Hey, hey, hey, Groove-ophiles! I know you're gonna love today's post (well, unless you're John Byrne--sorry, don't mean to embarrass you, man, but dang! Your art was great even way back then)! Earrrrrrrrrly John Byrne on Doomsday +1 (July 1975-May 1976)! Yeah, Byrne was learning and experimenting (some of these splashes don't meet the exact definition of a splash, but hey--any excuse to look at Byrne art, right?), but whoa! That cool, original style pulsing with life, energy, and enthusiasm still knocks me out! How 'bout you?
Greetings, Groove-ophiles! First of all, Ol' Groove want's to say, "Happy Anniversary!" Yep, t'was eight years ago today that yers trooley posted our very first Diversion! It wasn't much, but it was a start, and who'da thunk eight years later we'd still be around, rappin' about the comics of the 70s, sharing memories, and just chillin' with our fellow Groove-ophiles? Thank you, one and all for your support, dedication, and love. Ol' Groove loves ya, baby! Let's keep truckin' on for as long as we can!
Today we're gonna look at another of the awesome Aurora Model Kits which originally hit stores in the late 60s, disappeared for a while, then made a comeback in the mid-70s with the super-cool twist of those hard to find (and expensive if you do find 'em) comicbook inserts. Not only do those inserts give us instructions for how to put those 'mazing models together (which I'm pretty sure were drawn by Dave Cockrum), but we get a piece of incredible background art (to set the finished model in front of, natch), but a whole stand-alone story, to boot! For the Amazing Spider-Man, author Len Wein (who'd go on to write the regular Amazing Spider-Man comic) and artist John Romita, Sr. (one of the Mt. Everest of Spidey creators) got it all together with a fun Spidey vs. Kraven the Hunter mini-classic! Check it out, baby!
The box and the unpainted model
A nicely painted finished version of the model--but what's up with Kraven's pants?
HiiiiiiiYA, Groove-ophiles! We're back with another Sons of the Tiger adventure, this one featuring the Bruce Lee inspired SoT, Lin Sun. Some fine cosmic kung fu action goin' on in Bill Mantlo, George Perez, and Dan Adkins' "The Valley of Ancestors", baby! Let's go back to June 1975 to Deadly Hands of Kung Fu #14 and check it out!
Dig it, Groove-ophiles! A comicbook with a Joe Kubert cover and Jack Kirby story and art just screams "Read me!" dunnit? That's what DC figured when they let Kirby (and inker D. Bruce Berry) take over Robert Kanigher's The Losers feature in Our Fighting Forces beginning with ish #151 (July 1974). For the past four-plus years, The Losers, created by Kanigher by gathering a small group of cancelled DC war features (meaning they were Losers in more ways than one), enjoyed several top artists (including luminaries like Ross Andru and John Severin) and followed the Kanigher War Formula. With Kirby's arrival, Capt. Storm, Johnny Cloud, Gunner and Sarge kept trucking through WWII, their ability to stumble into and out of trouble remained intact, but man, did the thrust of the series take a turn! Gone were the fables of the bravery of our fighting forces and the futility of war. They were replaced by the action-packed, fast-paced, in-your-face Jack Kirby style, filtered through Kirby's experiences (he was a veteran of World War II, ya know), bringing us imaginative and yes, many times outlandish--but always cool!--stories that displayed the brutality of what enlisted men faced when their boots hit the ground. For perhaps the last time during his DC tenure, Kirby was unleashed! Here's his opening salvo, "Kill Me with Wagner!"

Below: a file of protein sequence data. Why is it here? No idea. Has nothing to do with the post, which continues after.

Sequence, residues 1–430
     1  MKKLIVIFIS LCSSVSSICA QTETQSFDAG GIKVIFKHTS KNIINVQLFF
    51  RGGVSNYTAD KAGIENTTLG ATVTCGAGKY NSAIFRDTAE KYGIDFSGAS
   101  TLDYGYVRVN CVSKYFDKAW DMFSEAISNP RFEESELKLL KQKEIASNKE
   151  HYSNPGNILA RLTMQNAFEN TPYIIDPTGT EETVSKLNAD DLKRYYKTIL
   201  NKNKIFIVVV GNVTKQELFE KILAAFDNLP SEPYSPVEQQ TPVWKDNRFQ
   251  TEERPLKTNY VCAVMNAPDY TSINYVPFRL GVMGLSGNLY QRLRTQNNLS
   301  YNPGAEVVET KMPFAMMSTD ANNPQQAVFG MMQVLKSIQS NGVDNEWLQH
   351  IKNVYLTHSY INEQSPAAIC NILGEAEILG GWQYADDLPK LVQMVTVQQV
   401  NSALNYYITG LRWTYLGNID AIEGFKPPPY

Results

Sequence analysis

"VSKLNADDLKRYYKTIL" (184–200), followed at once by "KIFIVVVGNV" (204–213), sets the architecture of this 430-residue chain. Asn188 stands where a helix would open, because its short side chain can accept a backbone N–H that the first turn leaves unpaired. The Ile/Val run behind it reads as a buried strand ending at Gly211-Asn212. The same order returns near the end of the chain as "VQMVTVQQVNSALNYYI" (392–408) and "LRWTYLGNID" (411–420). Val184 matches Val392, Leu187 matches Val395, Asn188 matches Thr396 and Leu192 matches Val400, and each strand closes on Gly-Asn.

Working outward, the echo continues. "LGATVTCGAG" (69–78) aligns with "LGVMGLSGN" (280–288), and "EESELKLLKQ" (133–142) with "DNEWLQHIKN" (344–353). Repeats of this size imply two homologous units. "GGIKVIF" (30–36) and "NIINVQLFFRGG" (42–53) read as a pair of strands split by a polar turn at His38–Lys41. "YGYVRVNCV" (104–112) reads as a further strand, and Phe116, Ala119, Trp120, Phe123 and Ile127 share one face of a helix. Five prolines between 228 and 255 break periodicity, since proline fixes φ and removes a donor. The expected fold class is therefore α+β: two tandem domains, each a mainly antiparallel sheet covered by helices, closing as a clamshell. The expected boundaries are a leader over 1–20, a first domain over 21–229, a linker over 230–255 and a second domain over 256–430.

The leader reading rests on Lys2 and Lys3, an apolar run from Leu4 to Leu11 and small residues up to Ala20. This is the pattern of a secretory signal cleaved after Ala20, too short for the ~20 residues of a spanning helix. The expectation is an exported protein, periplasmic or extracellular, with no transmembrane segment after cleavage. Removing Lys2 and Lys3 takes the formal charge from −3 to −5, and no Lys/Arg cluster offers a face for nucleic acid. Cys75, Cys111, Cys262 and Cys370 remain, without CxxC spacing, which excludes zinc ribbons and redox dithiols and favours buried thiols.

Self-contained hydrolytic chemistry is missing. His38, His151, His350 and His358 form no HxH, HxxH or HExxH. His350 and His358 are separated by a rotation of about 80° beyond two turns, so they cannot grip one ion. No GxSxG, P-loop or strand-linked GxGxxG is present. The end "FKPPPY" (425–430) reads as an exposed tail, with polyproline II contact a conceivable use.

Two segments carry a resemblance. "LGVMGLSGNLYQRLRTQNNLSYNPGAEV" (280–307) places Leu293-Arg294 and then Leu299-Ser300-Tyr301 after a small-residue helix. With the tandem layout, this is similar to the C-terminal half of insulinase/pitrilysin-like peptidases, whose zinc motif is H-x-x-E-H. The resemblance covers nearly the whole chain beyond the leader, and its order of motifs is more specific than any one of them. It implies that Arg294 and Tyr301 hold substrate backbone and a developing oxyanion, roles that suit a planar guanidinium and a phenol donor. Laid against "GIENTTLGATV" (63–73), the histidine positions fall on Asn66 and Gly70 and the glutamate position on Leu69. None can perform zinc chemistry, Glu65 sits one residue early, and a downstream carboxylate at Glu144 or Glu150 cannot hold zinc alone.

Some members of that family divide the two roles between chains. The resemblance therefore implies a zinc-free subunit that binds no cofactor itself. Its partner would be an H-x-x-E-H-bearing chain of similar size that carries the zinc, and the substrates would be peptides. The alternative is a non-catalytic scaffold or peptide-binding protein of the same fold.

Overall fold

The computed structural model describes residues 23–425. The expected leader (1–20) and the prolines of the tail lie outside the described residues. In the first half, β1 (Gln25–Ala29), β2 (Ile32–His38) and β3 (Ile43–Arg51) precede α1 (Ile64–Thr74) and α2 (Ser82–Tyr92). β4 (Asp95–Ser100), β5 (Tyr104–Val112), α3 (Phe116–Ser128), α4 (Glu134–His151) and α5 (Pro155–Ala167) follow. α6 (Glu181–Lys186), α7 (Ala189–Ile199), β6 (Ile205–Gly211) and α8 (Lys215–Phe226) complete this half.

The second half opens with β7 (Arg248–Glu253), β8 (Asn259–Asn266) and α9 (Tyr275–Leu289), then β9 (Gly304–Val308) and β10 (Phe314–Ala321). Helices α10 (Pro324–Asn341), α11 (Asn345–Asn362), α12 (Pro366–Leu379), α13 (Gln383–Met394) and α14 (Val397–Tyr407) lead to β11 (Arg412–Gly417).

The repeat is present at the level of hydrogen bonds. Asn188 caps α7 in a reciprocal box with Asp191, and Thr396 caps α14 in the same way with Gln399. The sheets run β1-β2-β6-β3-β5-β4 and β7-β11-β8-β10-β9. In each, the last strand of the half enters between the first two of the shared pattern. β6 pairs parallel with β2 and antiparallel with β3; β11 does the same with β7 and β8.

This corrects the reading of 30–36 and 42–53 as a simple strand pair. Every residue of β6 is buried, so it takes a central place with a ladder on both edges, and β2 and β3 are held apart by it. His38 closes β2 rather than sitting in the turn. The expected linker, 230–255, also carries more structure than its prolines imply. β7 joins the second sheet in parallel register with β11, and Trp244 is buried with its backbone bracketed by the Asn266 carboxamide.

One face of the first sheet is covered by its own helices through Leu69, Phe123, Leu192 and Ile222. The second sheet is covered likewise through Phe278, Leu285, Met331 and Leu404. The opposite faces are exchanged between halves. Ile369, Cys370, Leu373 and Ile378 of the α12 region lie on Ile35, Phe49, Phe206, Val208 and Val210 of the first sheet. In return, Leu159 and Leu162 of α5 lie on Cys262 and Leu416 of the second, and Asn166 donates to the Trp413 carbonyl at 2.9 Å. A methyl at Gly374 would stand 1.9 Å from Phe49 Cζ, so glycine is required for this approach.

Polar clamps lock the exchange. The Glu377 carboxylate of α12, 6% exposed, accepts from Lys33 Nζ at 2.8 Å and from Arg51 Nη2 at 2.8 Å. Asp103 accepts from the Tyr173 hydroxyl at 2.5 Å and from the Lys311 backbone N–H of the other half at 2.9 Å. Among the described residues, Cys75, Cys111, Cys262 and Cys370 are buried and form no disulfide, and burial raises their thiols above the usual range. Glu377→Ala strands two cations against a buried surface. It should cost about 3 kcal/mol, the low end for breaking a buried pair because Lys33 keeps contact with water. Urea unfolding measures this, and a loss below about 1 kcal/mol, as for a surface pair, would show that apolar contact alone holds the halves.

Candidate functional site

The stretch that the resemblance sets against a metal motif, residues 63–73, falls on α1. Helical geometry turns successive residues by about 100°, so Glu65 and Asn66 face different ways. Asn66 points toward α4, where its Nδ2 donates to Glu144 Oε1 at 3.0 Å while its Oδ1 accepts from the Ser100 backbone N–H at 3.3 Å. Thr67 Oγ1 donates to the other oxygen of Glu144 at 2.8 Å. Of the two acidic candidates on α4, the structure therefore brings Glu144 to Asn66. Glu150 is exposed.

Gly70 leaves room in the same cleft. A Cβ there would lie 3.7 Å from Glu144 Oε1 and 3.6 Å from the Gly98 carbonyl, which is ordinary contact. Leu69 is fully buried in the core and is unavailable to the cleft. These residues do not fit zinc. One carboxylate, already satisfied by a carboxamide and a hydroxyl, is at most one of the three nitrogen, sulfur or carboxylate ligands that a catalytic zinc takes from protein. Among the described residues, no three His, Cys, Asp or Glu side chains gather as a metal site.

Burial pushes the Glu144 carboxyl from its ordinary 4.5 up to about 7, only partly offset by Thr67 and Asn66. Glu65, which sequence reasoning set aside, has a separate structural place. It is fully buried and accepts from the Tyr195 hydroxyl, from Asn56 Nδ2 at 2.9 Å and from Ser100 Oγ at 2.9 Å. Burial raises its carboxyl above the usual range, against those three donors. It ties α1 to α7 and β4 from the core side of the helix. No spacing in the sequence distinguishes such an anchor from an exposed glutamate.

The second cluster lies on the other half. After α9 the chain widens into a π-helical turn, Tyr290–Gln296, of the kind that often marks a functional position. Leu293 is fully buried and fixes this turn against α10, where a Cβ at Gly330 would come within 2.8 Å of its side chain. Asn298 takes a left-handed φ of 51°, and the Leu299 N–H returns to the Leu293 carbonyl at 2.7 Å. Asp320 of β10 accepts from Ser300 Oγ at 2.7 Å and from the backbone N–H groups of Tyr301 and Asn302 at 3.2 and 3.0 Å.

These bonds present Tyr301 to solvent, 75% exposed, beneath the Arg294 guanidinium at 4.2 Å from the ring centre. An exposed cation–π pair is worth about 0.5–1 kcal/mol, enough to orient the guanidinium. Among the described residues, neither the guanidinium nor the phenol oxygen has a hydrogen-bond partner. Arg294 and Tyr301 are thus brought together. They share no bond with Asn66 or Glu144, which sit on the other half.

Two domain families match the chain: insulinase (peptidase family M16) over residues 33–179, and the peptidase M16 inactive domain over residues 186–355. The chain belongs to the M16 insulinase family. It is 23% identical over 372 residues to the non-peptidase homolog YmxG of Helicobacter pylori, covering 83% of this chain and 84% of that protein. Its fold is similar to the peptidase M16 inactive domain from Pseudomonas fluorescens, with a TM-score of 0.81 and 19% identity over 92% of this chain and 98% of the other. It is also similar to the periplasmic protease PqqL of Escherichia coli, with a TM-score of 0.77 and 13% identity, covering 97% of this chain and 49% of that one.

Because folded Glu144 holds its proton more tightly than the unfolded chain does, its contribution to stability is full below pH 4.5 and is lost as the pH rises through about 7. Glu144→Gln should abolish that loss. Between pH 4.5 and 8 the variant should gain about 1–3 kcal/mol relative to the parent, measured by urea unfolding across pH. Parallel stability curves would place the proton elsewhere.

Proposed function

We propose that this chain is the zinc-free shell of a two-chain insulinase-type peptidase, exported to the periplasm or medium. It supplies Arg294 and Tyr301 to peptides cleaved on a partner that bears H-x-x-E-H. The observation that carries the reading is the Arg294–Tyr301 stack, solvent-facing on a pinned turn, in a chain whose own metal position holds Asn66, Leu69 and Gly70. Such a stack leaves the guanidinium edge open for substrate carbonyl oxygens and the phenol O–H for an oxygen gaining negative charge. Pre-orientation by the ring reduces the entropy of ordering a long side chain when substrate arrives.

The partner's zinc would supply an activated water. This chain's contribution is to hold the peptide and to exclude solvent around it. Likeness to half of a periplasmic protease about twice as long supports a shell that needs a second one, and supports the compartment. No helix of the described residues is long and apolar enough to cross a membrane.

Special thanks to Mike's Amazing World of Comics and Grand Comics Database for being such fantastic resources for covers, dates, creator info, etc. Thou art treasures true!
Note to "The Man": All images are presumed copyright by the respective copyright holders and are presented here as fair use under applicable laws, man! If you hold the copyright to a work I've posted and would like me to remove it, just drop me an e-mail and it's gone, baby, gone.
All other commentary and insanity copyright GroovyAge, Ltd.
As for the rest of ya, the purpose of this blog is to (re)introduce you to the great comics of the 1970s. If you like what you see, do what I do--go to a comics shop, bookstore, e-Bay or whatever and BUY YOUR OWN!